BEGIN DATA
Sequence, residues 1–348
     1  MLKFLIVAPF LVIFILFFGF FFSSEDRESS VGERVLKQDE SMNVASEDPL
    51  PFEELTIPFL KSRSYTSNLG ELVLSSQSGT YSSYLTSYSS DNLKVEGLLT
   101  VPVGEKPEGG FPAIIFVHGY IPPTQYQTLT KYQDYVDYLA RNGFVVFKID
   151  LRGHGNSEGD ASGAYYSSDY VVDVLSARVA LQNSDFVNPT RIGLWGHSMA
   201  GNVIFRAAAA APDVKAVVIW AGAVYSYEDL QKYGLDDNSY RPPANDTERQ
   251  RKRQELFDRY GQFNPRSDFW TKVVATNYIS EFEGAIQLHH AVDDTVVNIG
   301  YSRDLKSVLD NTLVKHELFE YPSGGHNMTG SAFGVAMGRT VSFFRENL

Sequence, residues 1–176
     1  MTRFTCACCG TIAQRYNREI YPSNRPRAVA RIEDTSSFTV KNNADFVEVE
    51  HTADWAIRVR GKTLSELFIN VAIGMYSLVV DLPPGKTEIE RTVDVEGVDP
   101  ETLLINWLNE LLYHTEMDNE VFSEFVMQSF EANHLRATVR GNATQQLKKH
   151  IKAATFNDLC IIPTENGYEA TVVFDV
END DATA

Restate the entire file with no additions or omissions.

Sequence, residues 1–348
     1  MLKFLIVAPF LVIFILFFGF FFSSEDRESS VGERVLKQDE SMNVASEDPL
    51  PFEELTIPFL KSRSYTSNLG ELVLSSQSGT YSSYLTSYSS DNLKVEGLLT
   101  VPVGEKPEGG FPAIIFVHGY IPPTQYQTLT KYQDYVDYLA RNGFVVFKID
   151  LRGHGNSEGD ASGAYYSSDY VVDVLSARVA LQNSDFVNPT RIGLWGHSMA
   201  GNVIFRAAAA APDVKAVVIW AGAVYSYEDL QKYGLDDNSY RPPANDTERQ
   251  RKRQELFDRY GQFNPRSDFW TKVVATNYIS EFEGAIQLHH AVDDTVVNIG
   301  YSRDLKSVLD NTLVKHELFE YPSGGHNMTG SAFGVAMGRT VSFFRENL

Sequence, residues 1–176
     1  MTRFTCACCG TIAQRYNREI YPSNRPRAVA RIEDTSSFTV KNNADFVEVE
    51  HTADWAIRVR GKTLSELFIN VAIGMYSLVV DLPPGKTEIE RTVDVEGVDP
   101  ETLLINWLNE LLYHTEMDNE VFSEFVMQSF EANHLRATVR GNATQQLKKH
   151  IKAATFNDLC IIPTENGYEA TVVFDV